Johnny Morgan | 7/17/2018 9:09:43 PM
(07/17/18) BATON ROUGE, La. — For more than 10 years, potential homebuilders, contractors and those planning renovations have looked to the LSU AgCenter LaHouse Home and Landscape Resource Center for construction ideas.
In that time, LaHouse has hosted a number of open house events to show off the unique construction of the building — including on July 14 at a special open house celebrating its 10th anniversary.
LaHouse is a virtual classroom for anyone who wants to know the best materials to use in south Louisiana homes. It is a one-stop source of research-based information on housing solutions to the challenges of the Gulf Coast climate, natural hazards and environment while showcasing low-cost to premium options, said AgCenter housing specialist Claudette Reichel.
The resource center will continue celebrating its anniversary with another open house on Nov. 10 from 10 a.m. to 2 p.m., with birthday cake, special exhibits, free publications and experts on hand to answer questions.
LaHouse is open for self-guided tours Monday to Friday from 10 a.m. to 4:30 p.m. Seasonal Saturday events are also held. A suggested donation of $5 per visit helps support exhibits and programs.
Free print materials on many topics are available at LaHouse. Free information also is available online at www.lsuagcenter.com/lahouse, www.youtube.com/mylahouse and www.facebook.com/mylahouse.
Bill Richardson, LSU vice president for agriculture, said LaHouse was built at the perfect time. It was nearly complete when Hurricane Katrina struck in 2005. Construction stopped — giving homeowners and contractors a unique opportunity to see the building systems up close.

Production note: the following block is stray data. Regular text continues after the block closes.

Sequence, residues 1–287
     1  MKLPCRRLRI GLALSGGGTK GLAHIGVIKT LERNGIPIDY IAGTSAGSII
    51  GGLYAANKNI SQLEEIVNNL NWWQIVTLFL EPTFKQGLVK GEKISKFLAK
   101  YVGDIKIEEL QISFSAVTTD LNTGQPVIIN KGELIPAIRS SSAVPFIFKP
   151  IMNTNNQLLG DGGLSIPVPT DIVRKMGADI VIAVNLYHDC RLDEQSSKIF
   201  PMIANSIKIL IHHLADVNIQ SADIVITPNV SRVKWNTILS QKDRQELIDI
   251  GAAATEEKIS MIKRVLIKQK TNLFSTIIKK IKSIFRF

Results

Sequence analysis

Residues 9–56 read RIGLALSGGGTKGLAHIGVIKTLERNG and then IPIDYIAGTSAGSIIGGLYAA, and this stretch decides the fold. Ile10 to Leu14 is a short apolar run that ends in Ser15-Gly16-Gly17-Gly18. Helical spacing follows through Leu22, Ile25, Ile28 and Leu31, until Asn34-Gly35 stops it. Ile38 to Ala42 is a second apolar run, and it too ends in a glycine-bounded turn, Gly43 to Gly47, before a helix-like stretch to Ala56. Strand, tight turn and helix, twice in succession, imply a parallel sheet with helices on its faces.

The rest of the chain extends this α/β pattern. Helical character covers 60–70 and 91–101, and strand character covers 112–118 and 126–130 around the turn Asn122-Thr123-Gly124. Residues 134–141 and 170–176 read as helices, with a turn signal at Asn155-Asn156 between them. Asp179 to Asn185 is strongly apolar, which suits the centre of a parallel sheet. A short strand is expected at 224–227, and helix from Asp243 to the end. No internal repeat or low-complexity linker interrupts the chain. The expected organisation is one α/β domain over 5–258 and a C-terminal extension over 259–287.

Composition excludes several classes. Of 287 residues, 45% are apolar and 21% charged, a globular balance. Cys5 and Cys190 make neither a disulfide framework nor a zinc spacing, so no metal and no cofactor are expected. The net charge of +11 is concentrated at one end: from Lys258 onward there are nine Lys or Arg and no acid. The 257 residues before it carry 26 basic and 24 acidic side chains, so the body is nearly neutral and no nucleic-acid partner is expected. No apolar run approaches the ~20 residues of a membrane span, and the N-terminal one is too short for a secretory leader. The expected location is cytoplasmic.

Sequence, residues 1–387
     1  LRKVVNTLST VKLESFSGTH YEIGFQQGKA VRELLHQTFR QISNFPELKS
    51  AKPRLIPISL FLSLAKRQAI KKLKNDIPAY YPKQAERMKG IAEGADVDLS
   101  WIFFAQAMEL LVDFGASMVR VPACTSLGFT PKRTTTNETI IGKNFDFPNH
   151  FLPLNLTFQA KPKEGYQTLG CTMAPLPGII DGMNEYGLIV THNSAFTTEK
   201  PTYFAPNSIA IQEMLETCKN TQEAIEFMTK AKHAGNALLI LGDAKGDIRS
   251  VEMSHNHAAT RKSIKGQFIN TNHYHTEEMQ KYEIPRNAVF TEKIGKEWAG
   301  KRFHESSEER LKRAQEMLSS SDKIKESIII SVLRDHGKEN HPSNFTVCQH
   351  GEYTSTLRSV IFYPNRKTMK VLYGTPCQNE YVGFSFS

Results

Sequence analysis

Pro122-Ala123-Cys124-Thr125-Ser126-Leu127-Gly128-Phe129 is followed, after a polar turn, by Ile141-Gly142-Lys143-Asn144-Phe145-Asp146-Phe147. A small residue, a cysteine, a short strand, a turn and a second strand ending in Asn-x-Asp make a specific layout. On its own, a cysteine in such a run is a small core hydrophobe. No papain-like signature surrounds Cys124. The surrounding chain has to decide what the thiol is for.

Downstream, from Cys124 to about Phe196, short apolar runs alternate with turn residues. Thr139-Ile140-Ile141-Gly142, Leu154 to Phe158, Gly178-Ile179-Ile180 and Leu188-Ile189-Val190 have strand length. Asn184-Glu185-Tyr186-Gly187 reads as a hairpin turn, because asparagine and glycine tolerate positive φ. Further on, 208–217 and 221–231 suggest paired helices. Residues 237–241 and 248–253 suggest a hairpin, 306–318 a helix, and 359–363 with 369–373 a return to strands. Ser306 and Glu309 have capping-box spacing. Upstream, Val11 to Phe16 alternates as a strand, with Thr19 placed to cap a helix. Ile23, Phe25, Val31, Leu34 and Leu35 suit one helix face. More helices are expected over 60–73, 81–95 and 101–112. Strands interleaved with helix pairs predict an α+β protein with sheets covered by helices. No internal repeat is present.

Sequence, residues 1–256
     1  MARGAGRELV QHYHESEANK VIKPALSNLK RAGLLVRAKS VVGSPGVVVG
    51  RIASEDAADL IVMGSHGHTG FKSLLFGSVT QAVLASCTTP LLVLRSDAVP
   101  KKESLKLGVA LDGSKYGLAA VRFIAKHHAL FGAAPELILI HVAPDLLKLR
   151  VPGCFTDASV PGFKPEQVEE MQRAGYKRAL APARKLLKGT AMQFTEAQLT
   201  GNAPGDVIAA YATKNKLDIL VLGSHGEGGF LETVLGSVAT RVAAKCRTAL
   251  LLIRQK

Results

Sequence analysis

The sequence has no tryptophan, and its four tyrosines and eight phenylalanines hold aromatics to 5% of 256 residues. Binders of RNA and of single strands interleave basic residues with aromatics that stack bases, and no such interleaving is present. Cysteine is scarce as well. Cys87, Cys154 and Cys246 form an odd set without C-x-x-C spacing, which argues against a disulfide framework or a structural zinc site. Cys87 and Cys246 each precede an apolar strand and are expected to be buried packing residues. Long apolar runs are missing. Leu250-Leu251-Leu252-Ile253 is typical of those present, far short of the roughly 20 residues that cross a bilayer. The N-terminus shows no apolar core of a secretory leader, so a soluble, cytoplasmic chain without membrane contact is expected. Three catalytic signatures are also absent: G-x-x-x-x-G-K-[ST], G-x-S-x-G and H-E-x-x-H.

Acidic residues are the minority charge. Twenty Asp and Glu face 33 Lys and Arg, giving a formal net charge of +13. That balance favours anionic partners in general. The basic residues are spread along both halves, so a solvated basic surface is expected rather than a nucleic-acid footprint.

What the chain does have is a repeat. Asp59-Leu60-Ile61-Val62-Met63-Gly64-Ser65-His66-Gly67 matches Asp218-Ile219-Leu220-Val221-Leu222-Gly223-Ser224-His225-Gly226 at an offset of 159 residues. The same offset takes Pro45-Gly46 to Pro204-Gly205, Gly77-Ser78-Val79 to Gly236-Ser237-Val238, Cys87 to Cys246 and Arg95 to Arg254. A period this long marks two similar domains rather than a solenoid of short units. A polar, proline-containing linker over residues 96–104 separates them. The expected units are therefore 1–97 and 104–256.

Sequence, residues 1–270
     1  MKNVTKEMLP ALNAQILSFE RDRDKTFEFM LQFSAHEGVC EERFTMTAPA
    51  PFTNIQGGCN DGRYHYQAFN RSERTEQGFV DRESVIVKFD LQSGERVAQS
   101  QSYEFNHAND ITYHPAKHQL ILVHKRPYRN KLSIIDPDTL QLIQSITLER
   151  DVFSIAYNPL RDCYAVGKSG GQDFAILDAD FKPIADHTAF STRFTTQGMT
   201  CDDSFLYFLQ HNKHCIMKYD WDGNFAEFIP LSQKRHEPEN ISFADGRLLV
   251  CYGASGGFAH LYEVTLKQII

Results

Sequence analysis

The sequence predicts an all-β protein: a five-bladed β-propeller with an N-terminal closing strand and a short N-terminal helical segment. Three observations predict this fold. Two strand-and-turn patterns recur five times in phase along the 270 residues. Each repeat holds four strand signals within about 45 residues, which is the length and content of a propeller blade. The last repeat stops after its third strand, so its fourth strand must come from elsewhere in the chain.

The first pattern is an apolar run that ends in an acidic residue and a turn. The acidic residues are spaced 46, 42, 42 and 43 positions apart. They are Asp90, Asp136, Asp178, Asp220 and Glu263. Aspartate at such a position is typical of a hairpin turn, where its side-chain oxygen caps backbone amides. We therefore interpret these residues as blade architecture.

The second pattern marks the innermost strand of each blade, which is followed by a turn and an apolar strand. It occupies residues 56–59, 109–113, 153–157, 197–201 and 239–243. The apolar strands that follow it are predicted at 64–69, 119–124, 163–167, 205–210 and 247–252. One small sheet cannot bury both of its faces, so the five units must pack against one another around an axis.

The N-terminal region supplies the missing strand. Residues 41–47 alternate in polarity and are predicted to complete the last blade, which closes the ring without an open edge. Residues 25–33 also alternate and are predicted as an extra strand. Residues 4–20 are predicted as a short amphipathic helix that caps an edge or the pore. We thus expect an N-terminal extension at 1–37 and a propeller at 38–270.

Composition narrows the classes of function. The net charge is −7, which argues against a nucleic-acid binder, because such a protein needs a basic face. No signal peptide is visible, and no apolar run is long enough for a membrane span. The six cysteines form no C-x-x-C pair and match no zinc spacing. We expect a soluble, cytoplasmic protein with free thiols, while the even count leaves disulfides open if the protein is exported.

“It became one of the most sought-after resources we have,” he said.
LaHouse was never about building a house of the future.
“It’s about shaping the future with homes that are beautiful, marketable, but also help keep comfort and marketability,” Reichel said.
Baton Rouge homeowner Mark Davis praised the resources available at LaHouse. He spent many hours there before and during the building of his home.
“It provided a lot of information that helped us make good decisions about our home,” Davis said.
Construction of LaHouse was funded largely by gifts and donations from more than 300 supporters.
Major sponsors included Paula Garvey Manship, Entergy of Louisiana, the Borate Treated Wood Alliance of U.S. Borax, Osmose and Louisiana Pacific, Building Science Corporation, the Louisiana Home Builders Association, LaHouse builder Roy Domangue and RoyOMartin Lumber Company. The U.S. Department of Energy and the Louisiana Department of Natural Resources were primary partners.
LSU AgCenter LaHouse director and extension professor Claudette Reichel shows a timeline and impact of the LaHouse Home and Landscape Resource Center at a reception celebrating LaHouse’s 10th anniversary on July 9. Photo by Tobie Blanchard/LSU AgCenter
LSU AgCenter extension associate Shandy Heil explains the importance of having flood insurance to LaHouse visitors Donald and Belinda Price during an open house on July 14. Photo by Johnny Morgan/ LSU AgCenter